IMO Secretary-General, Kitack Lim, called all Member States and overall the maritime industry, including shipping and ports, to follow IMO’s ambitious attempts on reducing GHG shipping emissions from global shipping.
IMO’s Sub-Committee on Ship Design and Construction (SDC 6), which took place on 4-8 February 2019, considered a first set of draft recommendations for fishing vessels and pleasure yachts operating in Polar waters, but are not already covered by the mandatory Polar Code, the so-called ‘non-SOLAS’ ships.
As part of its work to make ships mooring safer, IMO’s Sub-Committee on Ship Design and Construction (SDC 6), which took place on 4-8 February 2019, introduced new requirements for appropriate and safe-to-use designs of mooring arrangements, a maintenance and inspection regime, as well as proper documentation.
Women’s full and meaningful participation in the economy, political decision-making and society is key to addressing maritime challenges, said IMO Secretary General Kitack Lim in his welcoming address to the 6th session of the Sub-Committee on Pollution Prevention and Response (PPR6).
The role of ports in achieving emissions reductions was highlighted at the Future Port congress, Bilbao, Spain, from 12 to 14 February. Ports are considered key players in the maritime transport system when it comes to meeting ambitious emissions reduction. In fact, IMO’s initial greenhouse gas strategy recognizes that shipping and ports are closely linked.
IMO’s Sub-Committee on Pollution Prevention and Response meets this week, from 18 to 22 February at IMO headquarters. The meeting will focus on finalizing draft Guidelines on the implementation of the 0.50% sulphur limit under MARPOL Annex VI. The Guidelines aim to help the preparations for uniform implementation of the lower limit for sulphur content in ships’ fuel oil.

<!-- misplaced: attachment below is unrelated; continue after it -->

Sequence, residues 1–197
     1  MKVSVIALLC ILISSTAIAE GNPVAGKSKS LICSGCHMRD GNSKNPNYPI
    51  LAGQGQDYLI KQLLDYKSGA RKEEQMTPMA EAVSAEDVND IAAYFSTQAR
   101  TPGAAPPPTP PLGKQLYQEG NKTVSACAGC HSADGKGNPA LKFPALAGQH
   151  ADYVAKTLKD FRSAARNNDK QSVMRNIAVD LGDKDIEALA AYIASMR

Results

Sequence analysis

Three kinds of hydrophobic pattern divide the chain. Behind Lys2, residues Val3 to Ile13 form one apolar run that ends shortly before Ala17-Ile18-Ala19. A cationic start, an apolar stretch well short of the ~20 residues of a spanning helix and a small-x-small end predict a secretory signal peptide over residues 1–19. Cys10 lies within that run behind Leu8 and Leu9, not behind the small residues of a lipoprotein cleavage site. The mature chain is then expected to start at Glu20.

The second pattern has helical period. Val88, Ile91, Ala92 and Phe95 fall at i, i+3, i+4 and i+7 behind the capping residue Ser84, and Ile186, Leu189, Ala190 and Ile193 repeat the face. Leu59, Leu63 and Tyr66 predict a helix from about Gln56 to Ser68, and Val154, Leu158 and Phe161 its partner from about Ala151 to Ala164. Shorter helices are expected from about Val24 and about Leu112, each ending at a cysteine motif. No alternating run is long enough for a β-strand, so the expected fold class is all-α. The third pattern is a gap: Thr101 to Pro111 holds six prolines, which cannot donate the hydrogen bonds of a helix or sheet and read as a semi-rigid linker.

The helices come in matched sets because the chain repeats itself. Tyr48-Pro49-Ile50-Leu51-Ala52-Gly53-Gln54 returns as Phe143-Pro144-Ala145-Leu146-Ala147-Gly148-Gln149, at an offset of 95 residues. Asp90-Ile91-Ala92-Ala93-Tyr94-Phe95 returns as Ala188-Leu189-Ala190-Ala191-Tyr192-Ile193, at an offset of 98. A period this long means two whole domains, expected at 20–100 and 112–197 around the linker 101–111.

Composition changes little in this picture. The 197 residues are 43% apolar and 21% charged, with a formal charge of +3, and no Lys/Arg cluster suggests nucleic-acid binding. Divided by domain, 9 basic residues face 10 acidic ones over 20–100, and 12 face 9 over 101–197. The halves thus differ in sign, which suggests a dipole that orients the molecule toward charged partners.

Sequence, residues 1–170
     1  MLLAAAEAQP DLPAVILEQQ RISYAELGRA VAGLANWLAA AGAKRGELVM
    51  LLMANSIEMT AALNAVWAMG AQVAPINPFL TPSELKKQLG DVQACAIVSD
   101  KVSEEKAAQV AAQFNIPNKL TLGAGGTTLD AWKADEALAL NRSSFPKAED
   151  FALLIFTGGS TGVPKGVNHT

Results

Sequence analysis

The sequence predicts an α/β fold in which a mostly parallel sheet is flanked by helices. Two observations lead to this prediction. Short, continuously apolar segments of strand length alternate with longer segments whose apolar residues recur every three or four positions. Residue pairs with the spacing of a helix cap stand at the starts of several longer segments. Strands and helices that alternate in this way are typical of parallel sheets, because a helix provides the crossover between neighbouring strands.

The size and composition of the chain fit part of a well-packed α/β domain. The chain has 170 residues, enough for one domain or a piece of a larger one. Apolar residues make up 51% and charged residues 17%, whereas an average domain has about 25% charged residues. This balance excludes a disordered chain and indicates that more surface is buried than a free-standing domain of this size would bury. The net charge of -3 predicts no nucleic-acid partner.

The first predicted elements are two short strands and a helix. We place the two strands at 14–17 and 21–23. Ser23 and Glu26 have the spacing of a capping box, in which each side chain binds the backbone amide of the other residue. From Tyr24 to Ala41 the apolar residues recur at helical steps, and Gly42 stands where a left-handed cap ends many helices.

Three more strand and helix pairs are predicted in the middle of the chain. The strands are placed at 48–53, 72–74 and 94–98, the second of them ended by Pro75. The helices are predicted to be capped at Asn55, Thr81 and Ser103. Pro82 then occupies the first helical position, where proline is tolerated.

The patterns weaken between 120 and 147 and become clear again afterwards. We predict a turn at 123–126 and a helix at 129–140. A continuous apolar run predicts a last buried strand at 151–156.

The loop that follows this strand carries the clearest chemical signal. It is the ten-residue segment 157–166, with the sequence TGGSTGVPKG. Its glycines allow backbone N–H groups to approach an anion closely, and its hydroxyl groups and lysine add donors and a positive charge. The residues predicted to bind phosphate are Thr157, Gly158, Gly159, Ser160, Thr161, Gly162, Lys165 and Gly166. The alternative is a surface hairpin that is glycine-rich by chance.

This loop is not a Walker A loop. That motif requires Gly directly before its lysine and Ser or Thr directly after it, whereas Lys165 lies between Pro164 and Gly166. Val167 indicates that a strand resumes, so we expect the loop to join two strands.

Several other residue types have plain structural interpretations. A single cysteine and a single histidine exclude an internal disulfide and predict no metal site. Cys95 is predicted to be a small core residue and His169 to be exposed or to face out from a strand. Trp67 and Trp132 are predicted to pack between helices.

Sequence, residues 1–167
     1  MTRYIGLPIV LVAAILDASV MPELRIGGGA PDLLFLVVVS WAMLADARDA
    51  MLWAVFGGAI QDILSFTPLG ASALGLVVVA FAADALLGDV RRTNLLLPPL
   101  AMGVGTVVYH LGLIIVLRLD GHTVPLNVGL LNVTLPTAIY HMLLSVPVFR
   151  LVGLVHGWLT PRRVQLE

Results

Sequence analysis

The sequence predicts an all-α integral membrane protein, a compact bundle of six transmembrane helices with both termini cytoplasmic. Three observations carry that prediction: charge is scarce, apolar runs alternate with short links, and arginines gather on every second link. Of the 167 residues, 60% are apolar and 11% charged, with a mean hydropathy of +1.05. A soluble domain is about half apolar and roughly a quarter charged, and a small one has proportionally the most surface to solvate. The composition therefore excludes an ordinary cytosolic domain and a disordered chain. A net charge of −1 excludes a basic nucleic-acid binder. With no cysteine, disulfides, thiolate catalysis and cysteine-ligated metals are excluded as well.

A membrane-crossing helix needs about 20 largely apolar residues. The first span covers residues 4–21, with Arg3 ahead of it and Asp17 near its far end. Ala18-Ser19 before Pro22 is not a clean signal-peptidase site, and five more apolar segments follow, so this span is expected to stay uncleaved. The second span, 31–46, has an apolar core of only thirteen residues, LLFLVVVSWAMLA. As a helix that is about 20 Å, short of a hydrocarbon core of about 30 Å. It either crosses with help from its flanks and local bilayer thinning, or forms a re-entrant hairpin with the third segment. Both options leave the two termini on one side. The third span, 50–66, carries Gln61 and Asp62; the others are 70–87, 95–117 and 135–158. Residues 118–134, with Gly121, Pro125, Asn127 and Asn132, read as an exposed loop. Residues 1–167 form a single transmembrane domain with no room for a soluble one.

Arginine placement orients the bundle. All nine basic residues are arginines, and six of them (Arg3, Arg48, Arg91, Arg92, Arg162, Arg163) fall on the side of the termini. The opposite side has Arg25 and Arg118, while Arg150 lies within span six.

As the meeting of IMO’s Sub-Committee on Pollution Prevention and Response (PPR 6) opens today in London, the Clean Arctic Alliance called on Member States to give emphasis to the target of establishing a ban on the use and carriage of heavy fuel oil by shipping in the Arctic. The actual adoption of the ban is expected to take place on 2021, with the industry making its decision on what fuels it will use during 2022. The ban will apply in 2023.
Bureau Veritas announced the release of ‘Phase 2’ of My Fuel Consumption. This in an online tool to enable compliance with fuel consumption regulations, namely IMO DCS and the EU’s monitoring, reporting and verification requirements. My Fuel Consumption is a cloud based web application available on desktop, mobile and tablet.
Maersk is collaborating with PBF Logistics, to deliver 10% of its annual fuel demand ahead of the International Maritime Organization’s 2020 global sulphur regulation. The deal focuses on the two companies to process crude oil at CPI Operations LLC, a PBF Logistics LP terminal facility in New Jersey.
BIMCO suggested that the Fourth IMO Greenhouse Gas Study should not include unrealistically high gross domestic product growth projections to predict future transport demand and the emissions of the shipping industry. The proposal has been made to the workshop preparing for the study, which is meeting in London 12-14 March.
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